> > 2. Prepares to register the System to IDM or not
> > 3. Prepares to register the System to Satellite6 or not (including
> > puppet/ancible install as needed)
> > 4. Prepares to register the System to RH CDN or not
> > 5. Installs and configures the RHV-M as needed so that cloud-init can take
> > over when RHV-M gets deployed via self-hosted install using answer files
> > 7. Creates the OVA file and packages that into the same name RPM as the
> > image RPM from Red Hat.
> 
> 2 - 5 can't be done offline and can also happen after the HE is already
> deployed.
> Why is that not good enough?

I can make 2-4 happen when HE deploys the VM and I can do #5 too with a bit of help answering questions as I am just going repeat what RH does to install RHV om the VM prior to packaging it up in an image then into an RPM.

The point is full hands off deplorment using self hosted install procedure which cant be done yet via pxe.

The ONLY reason it cant be done btw 100% hands off automated by SHE is because of the need to press 1 then enter.

If there was a switch that replaced asking you to press 1 then enter with a 2 min pause and retry the step again loop I'd have the SHE install kicked off by sat6 after building the server via PXE installing the RPMs, dropping the filled in answer file (from puppet template).

I have the entire thing hands off now but have to kick off the SHE specifying the answer file interactively only so I can press 1 then enter in RHV 4.0.

Trying to create an image myself that gets packaged into an RPM was just a fall back as I couldnt automate "pressing 1,enter then pause" in some kind of loop.

I can create scrips that takes the user supplied on and does needed steps to create the image packaged into rpm in less than 2 months with just a little help with answering a few questions.

Comment 27 Steven Mercurio 2017-07-30 15:04:44 UTC
The use case is simple.  A IAAS provider needs to be able to deploy RHVM via SHE but that RHV-M that meets their security and OS standards.  The security standards alone cary far too much and PXE is THE easiest solution.  If PXE isn't an option I can just create something that takes a user supplied OS, adds scripts that run on first boot, and does the RVM-M/ova pkg/RPM pkg same as RH does so user installs their RPM not one from RH.

Comment 32 Steven Mercurio 2017-10-29 03:24:53 UTC
 "STIG compliance" seems to mean something different to everyone you ask!.  Who has this exception, who has that one, etc.

The "bring your own OS" approach is the ONLY solution that covers ALL these bases and more.

For example FTRIB symlinks /var/tmp to /tmp and adds mount options like nosuid, etc.

Bring your own OS just takes a customer provider OS and

1. Does basic checks needed
2. Installs packages from Sat6 or CDN
3. Installs RHVm, and does basic config
4. Sanitizes OS
5. Creates OVA or instructs user to create OVA
6. Provides/runs script to create RPM from OVA ready to use in automated install.

The other option is just tell me how to install RHVm and I'll create a puppet module to do it.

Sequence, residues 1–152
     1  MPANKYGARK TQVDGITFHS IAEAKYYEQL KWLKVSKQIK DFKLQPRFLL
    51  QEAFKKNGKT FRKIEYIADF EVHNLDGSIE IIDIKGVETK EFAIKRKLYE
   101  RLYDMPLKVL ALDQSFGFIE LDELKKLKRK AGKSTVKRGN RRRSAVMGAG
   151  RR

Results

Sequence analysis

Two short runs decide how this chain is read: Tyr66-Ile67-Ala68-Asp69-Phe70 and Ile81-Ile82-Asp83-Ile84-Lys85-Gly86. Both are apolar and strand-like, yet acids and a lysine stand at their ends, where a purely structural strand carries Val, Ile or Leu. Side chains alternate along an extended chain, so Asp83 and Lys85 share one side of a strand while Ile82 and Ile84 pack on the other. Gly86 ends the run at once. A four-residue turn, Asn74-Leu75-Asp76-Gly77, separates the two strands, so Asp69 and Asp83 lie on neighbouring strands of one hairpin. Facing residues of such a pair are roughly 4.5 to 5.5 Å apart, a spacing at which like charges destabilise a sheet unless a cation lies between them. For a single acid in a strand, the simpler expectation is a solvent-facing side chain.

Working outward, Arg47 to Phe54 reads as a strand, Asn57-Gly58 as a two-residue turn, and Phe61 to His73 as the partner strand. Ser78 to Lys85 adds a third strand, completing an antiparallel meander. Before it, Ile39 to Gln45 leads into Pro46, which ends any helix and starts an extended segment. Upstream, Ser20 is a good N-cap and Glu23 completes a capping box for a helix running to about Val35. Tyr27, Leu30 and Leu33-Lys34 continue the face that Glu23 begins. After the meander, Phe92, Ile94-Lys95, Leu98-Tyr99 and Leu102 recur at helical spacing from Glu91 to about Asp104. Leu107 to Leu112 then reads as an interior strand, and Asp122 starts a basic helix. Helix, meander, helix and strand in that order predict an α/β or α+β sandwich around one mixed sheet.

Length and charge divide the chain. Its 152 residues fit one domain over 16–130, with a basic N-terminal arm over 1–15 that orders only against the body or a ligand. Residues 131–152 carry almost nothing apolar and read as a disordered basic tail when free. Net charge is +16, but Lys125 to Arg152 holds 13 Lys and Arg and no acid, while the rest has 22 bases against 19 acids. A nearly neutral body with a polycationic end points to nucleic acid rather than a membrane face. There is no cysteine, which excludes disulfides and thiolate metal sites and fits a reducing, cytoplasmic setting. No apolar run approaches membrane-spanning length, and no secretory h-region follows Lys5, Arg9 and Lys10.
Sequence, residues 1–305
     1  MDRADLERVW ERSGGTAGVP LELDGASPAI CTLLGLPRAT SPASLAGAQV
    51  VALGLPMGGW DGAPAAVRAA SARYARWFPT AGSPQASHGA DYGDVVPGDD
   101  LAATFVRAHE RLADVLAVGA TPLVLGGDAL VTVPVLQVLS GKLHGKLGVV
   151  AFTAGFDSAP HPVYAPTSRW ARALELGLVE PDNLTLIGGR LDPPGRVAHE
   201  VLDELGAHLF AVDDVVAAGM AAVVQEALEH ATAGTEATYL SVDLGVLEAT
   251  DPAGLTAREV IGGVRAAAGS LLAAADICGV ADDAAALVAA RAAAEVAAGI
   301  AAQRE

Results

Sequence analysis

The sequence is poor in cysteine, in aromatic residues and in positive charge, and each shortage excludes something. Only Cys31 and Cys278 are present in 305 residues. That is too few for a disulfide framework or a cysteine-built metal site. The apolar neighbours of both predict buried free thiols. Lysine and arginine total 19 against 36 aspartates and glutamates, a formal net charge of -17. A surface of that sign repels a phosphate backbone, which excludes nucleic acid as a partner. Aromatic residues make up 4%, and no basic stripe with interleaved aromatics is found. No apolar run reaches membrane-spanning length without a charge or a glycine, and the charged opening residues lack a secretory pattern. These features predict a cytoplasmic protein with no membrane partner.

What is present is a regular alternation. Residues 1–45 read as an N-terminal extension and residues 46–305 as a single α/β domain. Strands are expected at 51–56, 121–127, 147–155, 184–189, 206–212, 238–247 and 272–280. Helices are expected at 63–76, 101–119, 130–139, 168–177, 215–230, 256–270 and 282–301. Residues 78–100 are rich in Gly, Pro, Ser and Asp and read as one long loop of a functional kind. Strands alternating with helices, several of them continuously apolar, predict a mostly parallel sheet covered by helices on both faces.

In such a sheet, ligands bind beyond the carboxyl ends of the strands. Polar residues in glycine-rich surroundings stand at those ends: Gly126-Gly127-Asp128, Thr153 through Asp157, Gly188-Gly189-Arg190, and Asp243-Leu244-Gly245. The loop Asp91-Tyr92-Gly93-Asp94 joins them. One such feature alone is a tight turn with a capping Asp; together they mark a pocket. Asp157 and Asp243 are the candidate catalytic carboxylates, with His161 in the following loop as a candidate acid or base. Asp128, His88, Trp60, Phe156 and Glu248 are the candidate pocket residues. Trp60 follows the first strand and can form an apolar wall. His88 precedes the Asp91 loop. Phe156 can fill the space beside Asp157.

I'll do ALL THE WORK!  I just need some basic info like the DOC the image RPM creaters use to do base install before certification of OVA/RPM."

Comment 35 Steven Mercurio 2017-12-12 19:38:33 UTC
can thios be made available so I can see it?

https://access.redhat.com/solutions/3275951

Any thoughts/opinions on the "Bring your own OS" approach?

Comment 36 Moran Goldboim 2017-12-25 16:42:32 UTC
(In reply to Steven Mercurio from comment #35)
> can thios be made available so I can see it?
> 
> https://access.redhat.com/solutions/3275951
> 
> Any thoughts/opinions on the "Bring your own OS" approach?

Tony, any thoughts on the approached being discussed comment 32? is it something that would be applicable for the group of users that you work with?

Comment 37 Yaniv Kaul 2017-12-28 11:51:41 UTC
It'd be good to re-use https://docs.openstack.org/ansible-hardening/latest/index.html

Comment 38 Yaniv Kaul 2017-12-28 11:55:08 UTC
(In reply to Steven Mercurio from comment #32)
>  "STIG compliance" seems to mean something different to everyone you ask!. 
> Who has this exception, who has that one, etc.
> 
> The "bring your own OS" approach is the ONLY solution that covers ALL these
> bases and more.
> 
> For example FTRIB symlinks /var/tmp to /tmp and adds mount options like
> nosuid, etc.
> 
> Bring your own OS just takes a customer provider OS and
> 
> 1. Does basic checks needed
> 2. Installs packages from Sat6 or CDN
> 3. Installs RHVm, and does basic config
> 4. Sanitizes OS
> 5. Creates OVA or instructs user to create OVA
> 6. Provides/runs script to create RPM from OVA ready to use in automated
> install.
> 
> The other option is just tell me how to install RHVm and I'll create a
> puppet module to do it.

That's doable today. Are you looking for a silent installation?

> 
> I'll do ALL THE WORK!  I just need some basic info like the DOC the image
> RPM creaters use to do base install before certification of OVA/RPM."

For example using Ansible, see https://github.com/rhevm-qe-automation/ovirt-ansible/blob/master/roles/ovirt-engine-setup/README.md

Comment 39 Steven Mercurio 2017-12-28 18:25:01 UTC
I want to create the OS myself using my standard Sat6 based KS.  I don't want to have dozens of different OD configs all over the place.  Also for clients what "STIGd" system is changes with every person and client you ask.

RH creating a "STIGd" RHVm image is UTTERLY USELESS as I have yet to see any 2 clients implement a "STIG" the same way.

Also I am doing a fully automated SHE install with only RH Sat6, puppet, Hiera 100% automated both in install AND ongoing maintenance like adding RHEL-RHV hosts with ZERO intervention.

My Sat6 also will auto-integrate products like IDM with RHV if IDM is present, etc.  My Sat6 already fully builds IDM servers, Sat6 servers, capsules, and SHE RHV is next.

The RHEL-RHVH systems are already built with Sat6 and managed with puppet for what RHV doesn't do AND puppet will use puppet to run needed CLI cmds on the manager to automate things like so imports, backups, etc.